Who profits, who pays?
This all comes down to contractual agreements that Uber makes with airports. Airport officials are allowed to cite drivers and then send Uber the bills—and according to the VICE article, the fees collected are quite substantial. The article cites data collected by the Mobile Workers Alliance, a SoCal advocacy group that represents gig workers. The data show that at LAX alone, the Los Angeles World Airports Authority issued 11,117 citations to drivers, and collected $3.8 million dollars from drivers between 2016 and 2018. Uber, complying with their agreement with the authority, deducted the fees from drivers’ payments.
This isn’t the only way airport authorities siphon money from the rideshare business. In Los Angeles, the airport authority charges Uber drivers $4 per ride, whether the ride is a pickup or drop-off. These fees are normally paid by the passengers.
In 2018 alone, there were 8.9 million rideshare trips involving LA airports, resulting in almost $36,000,000 in fees landing back in the authority’s coffers. San Francisco charges $5 per ride, and had more than 10 million rideshare trips involving their airport facility in 2018, making their take around $50 million.
That’s a lot of dough.
Uber also profits from the airport rides. The longer distance and extended time these airport trips normally involve add up, and so do the company’s profits. And yes, drivers benefit from the airport rides they provide. However, when they receive citations, we don’t think they should be presumed guilty and have their pay docked for the fines.
To be fair, Uber and other rideshare companies pay airport authorities for the privilege of doing business. But we can easily make the case that these costs are, at least partially, passed on.
When we examine the airport ride (and citation) dynamic closely, and answer the question we posed at the start of this section, here’s what we find:
- The airports profit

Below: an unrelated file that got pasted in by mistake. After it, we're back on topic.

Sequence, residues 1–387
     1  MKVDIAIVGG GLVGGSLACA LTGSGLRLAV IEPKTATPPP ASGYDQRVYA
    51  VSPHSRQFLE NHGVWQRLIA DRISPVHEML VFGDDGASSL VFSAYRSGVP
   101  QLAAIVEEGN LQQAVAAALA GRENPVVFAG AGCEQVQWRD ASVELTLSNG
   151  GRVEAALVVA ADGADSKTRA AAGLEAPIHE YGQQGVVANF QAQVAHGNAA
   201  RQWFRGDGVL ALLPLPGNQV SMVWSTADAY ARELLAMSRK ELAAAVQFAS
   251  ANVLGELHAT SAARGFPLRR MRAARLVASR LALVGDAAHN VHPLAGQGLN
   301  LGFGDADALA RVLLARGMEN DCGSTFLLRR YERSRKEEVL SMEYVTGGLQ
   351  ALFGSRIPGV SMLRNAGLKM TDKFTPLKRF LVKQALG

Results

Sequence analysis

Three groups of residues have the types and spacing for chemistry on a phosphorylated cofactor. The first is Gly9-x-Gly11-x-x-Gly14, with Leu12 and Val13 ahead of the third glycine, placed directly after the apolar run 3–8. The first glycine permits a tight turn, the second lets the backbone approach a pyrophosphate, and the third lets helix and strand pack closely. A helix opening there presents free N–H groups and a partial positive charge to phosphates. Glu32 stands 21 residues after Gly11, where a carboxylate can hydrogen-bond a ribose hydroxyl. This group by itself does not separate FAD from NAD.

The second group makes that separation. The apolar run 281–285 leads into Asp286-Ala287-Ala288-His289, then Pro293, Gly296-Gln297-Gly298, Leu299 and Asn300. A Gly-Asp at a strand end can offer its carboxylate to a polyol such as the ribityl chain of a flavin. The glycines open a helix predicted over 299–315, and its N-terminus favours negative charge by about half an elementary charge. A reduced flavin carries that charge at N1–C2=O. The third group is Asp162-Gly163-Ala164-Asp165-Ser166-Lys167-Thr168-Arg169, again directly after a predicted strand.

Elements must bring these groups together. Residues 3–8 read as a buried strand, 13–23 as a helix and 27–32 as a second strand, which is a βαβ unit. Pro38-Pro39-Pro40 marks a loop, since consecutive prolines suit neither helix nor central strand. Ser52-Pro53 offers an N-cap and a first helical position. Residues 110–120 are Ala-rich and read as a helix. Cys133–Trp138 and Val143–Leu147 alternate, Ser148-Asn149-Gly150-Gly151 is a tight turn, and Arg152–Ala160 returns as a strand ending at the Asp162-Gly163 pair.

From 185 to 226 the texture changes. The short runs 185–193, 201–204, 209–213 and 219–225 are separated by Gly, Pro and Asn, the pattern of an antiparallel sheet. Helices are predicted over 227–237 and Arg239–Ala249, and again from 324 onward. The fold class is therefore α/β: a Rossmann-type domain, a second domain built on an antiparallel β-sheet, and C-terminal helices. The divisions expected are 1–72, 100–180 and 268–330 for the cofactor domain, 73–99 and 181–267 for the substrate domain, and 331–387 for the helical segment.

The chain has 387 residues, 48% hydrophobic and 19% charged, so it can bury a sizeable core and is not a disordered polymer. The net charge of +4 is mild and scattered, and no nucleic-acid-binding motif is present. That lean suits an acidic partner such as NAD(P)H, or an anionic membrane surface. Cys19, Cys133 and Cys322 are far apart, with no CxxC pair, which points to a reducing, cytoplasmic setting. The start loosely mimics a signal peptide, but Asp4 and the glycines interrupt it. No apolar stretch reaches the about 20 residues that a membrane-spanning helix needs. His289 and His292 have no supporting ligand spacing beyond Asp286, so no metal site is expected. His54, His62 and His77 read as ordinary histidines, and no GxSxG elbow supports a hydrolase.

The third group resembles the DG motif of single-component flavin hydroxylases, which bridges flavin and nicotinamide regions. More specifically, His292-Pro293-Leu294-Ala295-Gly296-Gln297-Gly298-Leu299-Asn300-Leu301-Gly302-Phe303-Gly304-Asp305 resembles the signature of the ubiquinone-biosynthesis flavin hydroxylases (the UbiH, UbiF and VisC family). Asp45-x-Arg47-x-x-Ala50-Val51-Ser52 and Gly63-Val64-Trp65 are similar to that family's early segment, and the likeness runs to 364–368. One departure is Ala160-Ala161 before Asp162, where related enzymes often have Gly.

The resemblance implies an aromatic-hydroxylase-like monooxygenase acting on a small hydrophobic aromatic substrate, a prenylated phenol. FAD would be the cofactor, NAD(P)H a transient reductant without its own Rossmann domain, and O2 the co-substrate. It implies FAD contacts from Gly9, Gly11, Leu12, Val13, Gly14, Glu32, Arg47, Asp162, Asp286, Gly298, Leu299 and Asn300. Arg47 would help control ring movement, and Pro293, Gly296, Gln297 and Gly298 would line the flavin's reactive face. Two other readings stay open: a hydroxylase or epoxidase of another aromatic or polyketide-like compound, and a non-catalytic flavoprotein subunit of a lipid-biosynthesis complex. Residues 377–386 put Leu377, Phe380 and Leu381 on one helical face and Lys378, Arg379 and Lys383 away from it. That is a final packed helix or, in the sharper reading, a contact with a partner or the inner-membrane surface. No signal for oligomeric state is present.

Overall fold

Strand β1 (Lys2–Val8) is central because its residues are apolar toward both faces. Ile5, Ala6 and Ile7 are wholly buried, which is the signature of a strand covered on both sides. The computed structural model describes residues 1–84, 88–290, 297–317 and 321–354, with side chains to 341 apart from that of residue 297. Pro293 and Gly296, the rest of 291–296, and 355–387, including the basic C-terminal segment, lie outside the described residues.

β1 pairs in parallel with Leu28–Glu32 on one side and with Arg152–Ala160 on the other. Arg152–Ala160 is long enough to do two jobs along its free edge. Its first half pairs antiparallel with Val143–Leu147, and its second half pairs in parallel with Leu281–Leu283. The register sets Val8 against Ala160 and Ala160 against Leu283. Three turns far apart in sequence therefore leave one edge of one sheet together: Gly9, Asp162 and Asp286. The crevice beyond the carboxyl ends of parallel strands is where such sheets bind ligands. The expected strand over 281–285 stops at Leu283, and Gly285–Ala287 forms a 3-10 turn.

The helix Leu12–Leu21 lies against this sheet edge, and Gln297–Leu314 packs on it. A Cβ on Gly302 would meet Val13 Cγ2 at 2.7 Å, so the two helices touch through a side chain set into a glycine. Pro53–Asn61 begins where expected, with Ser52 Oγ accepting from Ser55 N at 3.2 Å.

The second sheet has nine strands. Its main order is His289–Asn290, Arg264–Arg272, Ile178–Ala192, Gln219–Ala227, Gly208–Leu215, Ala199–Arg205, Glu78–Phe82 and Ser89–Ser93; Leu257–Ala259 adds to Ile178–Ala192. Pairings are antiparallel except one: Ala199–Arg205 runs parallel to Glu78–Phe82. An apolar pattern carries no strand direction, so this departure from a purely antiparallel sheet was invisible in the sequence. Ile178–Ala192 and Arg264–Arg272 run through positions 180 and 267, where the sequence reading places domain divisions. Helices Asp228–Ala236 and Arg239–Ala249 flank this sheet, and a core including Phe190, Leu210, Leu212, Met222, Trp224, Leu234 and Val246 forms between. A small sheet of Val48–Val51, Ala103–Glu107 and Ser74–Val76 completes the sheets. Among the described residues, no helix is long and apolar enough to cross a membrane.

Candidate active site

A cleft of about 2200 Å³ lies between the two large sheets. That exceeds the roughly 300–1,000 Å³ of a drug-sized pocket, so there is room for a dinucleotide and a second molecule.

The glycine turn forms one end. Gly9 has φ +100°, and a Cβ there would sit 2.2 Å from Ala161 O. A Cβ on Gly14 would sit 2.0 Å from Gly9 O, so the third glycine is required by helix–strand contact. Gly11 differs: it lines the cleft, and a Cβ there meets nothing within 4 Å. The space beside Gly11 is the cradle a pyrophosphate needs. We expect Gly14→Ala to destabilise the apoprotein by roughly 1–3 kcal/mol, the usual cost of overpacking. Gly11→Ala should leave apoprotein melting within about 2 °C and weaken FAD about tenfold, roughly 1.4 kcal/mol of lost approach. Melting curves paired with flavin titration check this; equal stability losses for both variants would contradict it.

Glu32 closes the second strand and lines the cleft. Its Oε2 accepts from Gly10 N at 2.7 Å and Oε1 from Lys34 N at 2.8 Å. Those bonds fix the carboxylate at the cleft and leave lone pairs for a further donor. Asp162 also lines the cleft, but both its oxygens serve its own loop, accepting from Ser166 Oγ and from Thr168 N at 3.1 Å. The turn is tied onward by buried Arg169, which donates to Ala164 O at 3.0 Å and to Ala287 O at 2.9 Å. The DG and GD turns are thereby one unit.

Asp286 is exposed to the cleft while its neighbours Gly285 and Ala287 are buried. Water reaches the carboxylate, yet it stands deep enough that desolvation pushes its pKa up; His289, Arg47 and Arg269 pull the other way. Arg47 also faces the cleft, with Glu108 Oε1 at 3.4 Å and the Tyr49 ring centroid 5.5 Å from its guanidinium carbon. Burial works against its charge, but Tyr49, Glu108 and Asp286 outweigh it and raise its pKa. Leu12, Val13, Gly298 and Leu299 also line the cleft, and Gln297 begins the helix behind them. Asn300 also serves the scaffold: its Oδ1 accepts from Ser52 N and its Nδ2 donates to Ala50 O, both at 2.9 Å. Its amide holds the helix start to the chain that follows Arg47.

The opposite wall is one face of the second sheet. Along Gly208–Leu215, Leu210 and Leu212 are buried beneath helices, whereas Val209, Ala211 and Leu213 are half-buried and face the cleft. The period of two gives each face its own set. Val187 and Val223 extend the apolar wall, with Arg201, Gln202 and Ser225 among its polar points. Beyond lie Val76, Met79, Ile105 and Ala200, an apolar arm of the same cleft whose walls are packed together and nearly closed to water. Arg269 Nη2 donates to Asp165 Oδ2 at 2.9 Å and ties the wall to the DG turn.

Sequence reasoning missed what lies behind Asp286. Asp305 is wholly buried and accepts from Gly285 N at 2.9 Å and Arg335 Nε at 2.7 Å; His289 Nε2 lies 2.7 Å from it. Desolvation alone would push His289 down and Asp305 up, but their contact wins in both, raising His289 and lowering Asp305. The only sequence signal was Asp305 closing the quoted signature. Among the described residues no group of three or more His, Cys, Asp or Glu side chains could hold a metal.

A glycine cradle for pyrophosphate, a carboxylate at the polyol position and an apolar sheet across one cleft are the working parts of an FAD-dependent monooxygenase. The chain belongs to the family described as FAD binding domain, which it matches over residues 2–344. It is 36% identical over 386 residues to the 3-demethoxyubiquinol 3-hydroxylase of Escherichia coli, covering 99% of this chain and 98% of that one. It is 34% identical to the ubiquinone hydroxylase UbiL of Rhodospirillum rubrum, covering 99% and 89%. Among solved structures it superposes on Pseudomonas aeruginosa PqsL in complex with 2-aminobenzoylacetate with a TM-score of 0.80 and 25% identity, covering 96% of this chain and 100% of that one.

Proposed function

- Uber profits
- Drivers profit—and drivers pay
- Passengers pay
Where, in this dynamic, do Uber and the airports pay? We can’t seem to figure out under what circumstances that might occur.
Please understand, we’re not saying that drivers shouldn’t have to pay fines when they commit infractions. We are saying that drivers deserve the chance to defend themselves if and when they do get cited and fined. In the case of these “phantom citations,” where drivers are totally unaware of the situation, it’s even more important that they at least hear what they supposedly did wrong.
By Uber striking this deal with airports, whereby they can just admit to an infraction on a driver’s behalf and then dock the driver’s pay for the fine, they’re doing more than just being unfair. They’re actually trampling on the drivers’ rights to due process under the Fifth Amendment of the Constitution. “I think it’s a due process issue; the government is taking away their money without them understanding why,” says Veena Dubal, a law professor at UC Hastings and gig economy expert.
Fortunately, this isn’t happening everywhere. VICE reporters spoke with drivers in New York City, Chicago, Atlanta, and Sacramento, who said they are able to seek legal recourse, and that Uber doesn’t automatically deduct the fine from their wages.
What’s the situation in your city? Comment below and tell us what you know.
Can drivers stop this?
Unfortunately, there isn’t much individual drivers can do to stop Uber from taking money from your pay for fines, even if you were never informed you committed an infraction.